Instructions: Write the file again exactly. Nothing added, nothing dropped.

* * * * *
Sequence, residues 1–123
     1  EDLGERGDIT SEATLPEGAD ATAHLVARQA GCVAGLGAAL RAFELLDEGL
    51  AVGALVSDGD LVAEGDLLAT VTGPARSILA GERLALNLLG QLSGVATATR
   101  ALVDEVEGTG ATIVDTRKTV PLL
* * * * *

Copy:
Sequence, residues 1–123
     1  EDLGERGDIT SEATLPEGAD ATAHLVARQA GCVAGLGAAL RAFELLDEGL
    51  AVGALVSDGD LVAEGDLLAT VTGPARSILA GERLALNLLG QLSGVATATR
   101  ALVDEVEGTG ATIVDTRKTV PLL